The Antioxidant Salad | Nutrition Stripped
Eat Well May. 28. 2019

The Antioxidant Summer Salad

May. 28. 2019
McKel Hill Kooienga, MS, RDN, LDN

McKel Hill Kooienga, MS, RDN, LDN

Founder of Nutrition Stripped and the Mindful Nutrition Method™

If you’re looking for a way to jazz up a dark leafy green salad, try this Antioxidant Summer Salad.

Salads are without a doubt in my top three favorite meals, and what’s not to love? The possibilities are endless, depending on protein preference, season, texture, and then of course how you choose to dress it.

Being that we are in the full effects of spring, we couldn’t think of a more fitting salad that provides you with an extra antioxidant boost, just for good measure.

First and foremost, most salads made with whole food ingredients are “antioxidant salads” because dark leafy greens, vegetables, and common salad items are great sources of antioxidants!

What earns this salad the special title is due to a few key ingredients that are richer in antioxidants than others. This includes blueberries, strawberries, beets, sprouts, watercress (or you can use whatever dark leafy green you enjoy), lemon, olive oil, sea salt, pumpkin seeds, and dried mulberries.



In 1 cup of fresh blueberries, there’s vitamin C, K, and manganese, a good source of fiber and copper, and also a variety of antioxidants.

Blueberries antioxidants have been studied for their effects on cardiovascular health, ability to inhibit cancer cell growth, stabilize blood sugars due to the fiber and low GI nature of the fruit, improve skin health, may help combat obesity, and overall antioxidant support in the body.


Beets are great to incorporate into our diets for anti-inflammatory and detoxification benefits. Beets support detoxification mainly in Phase 2 detoxification (there are two phases), which involves the enzyme glutathione-s-transferase a.k.a. GST.

GST’s basically work to “catch” and “hook up” unwanted toxic substances in our bodies with nutrients- this allows the toxins to become water soluble and neutralized from the nutrients, therefore safe for the body to excrete through your urine or other processes.

A note about detoxification: detoxification is a daily practice and a lifelong habit, which I strongly practice and recommend to my clients as well. Detoxification can’t occur simply by doing a “cleanse” for one week- our bodies actually do a tremendous job at detoxifying our bodies through multiple channels if we give them space, nutrients, proper practices to enhance, and time to do so. Beets are great to provide the body with ample amounts of antioxidants needed.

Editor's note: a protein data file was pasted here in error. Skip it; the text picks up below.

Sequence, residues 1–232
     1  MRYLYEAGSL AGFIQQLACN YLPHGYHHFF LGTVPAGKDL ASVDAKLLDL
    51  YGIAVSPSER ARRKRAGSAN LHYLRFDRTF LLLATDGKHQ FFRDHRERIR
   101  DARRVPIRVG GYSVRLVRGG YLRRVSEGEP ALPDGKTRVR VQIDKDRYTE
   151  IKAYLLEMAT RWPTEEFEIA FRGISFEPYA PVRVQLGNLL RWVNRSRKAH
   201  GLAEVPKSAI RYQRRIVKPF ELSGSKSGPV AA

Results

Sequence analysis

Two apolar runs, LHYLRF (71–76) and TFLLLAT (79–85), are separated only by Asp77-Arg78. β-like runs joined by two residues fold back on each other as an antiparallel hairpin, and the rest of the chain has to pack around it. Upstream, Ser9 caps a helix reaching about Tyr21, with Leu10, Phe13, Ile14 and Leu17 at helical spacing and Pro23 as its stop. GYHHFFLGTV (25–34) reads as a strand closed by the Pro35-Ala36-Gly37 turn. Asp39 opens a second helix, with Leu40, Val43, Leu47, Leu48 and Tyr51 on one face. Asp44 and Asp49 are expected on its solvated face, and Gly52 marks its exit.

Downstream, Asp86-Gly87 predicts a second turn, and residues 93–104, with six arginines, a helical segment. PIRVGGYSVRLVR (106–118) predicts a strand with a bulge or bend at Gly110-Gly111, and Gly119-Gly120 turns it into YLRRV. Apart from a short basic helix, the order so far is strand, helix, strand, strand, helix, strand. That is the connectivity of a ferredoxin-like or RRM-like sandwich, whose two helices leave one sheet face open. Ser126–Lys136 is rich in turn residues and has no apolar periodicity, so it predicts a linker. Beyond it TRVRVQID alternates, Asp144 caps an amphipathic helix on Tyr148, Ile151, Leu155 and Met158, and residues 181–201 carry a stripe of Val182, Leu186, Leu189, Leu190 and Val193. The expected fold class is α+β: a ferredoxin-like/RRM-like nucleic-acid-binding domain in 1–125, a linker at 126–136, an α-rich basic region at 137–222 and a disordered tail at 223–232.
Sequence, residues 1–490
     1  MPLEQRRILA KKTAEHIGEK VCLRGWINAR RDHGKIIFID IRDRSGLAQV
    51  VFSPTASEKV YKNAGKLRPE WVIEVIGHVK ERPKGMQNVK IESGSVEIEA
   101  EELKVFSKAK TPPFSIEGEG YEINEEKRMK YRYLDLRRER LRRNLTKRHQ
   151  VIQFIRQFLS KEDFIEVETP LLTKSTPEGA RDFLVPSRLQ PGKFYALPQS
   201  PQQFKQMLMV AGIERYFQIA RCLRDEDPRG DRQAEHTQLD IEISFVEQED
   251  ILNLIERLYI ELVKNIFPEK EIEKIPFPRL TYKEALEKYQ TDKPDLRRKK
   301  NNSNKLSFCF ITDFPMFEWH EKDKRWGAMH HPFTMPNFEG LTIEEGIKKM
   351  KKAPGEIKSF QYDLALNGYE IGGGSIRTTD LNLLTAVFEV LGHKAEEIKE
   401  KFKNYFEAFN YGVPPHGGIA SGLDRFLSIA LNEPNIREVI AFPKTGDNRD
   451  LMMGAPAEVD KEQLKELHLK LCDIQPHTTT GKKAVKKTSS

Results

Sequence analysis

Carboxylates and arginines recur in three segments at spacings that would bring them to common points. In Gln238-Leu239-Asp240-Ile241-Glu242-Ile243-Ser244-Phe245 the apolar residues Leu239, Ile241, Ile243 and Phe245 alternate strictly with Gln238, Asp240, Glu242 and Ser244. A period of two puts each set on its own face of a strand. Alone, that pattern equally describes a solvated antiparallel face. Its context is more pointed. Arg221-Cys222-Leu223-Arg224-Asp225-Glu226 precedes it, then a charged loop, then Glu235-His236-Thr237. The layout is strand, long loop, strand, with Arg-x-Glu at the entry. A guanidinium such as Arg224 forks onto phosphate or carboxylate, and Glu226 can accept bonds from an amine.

Strawberries (also raspberries blackberries, blueberries, cherries, etc.) offer the best dietary source of bioactive compounds (BAC), which provide potent antioxidant properties.

Berries‘ BAC contains phenolic compounds (phenolic acids, flavonoids, such as anthocyanins and flavonols, and tannins) and ascorbic acid. These compounds can prevent inflammation disorders, heart-related diseases, and protective effects to lower the risk of certain types of cancer.

One study suggests that raspberries have the potential to decrease the risk of heart disease, diabetes mellitus, obesity and Alzheimer’s. All of these diseases share critical metabolic, oxidative, and inflammatory links.

The Recipe

Serves 1



For the Dressing

2 tablespoons olive oil

juice from half a lemon

1/2 small shallot, finely diced

1 teaspoon honey

salt and pepper to taste

For the Salad

1/3 cup blueberries

1/3 strawberries

2 tablespoons pumpkin seeds

3 cups watercress, or arugula

1/3 cup sprouts

1 small beet, peeled and diced

1 tablespoon dried mulberries, optional


Step 1

In a medium-sized salad bowl, whisk together olive oil, lemon juice, and diced shallot and honey until well combined.

Step 2

Add remaining salad ingredients and gently toss until salad is well coated with the dressing and well combined.


Add optional garnishes such as fresh herbs, more pumpkin seeds, and black pepper.

Have Leftovers? Here’s What To Do With Them:

As always, store in an airtight glass container that we recommend from the NS Shop for up to 7 days.

If you make an extra large batch of the dressing, just make it separate and store it in a glass mason jar with a tight lid for later use, up to 1 week.

Can’t wait to see you try it!

Did you know that you can submit your own photo of whatever recipe you make from NS? Scroll down to the bottom right and you’ll see a section for you to show off your creations from home!

Can’t wait to see how you make these and share your meal with me! Tag us on Instagram @nutritionstripped #nutritionstripped

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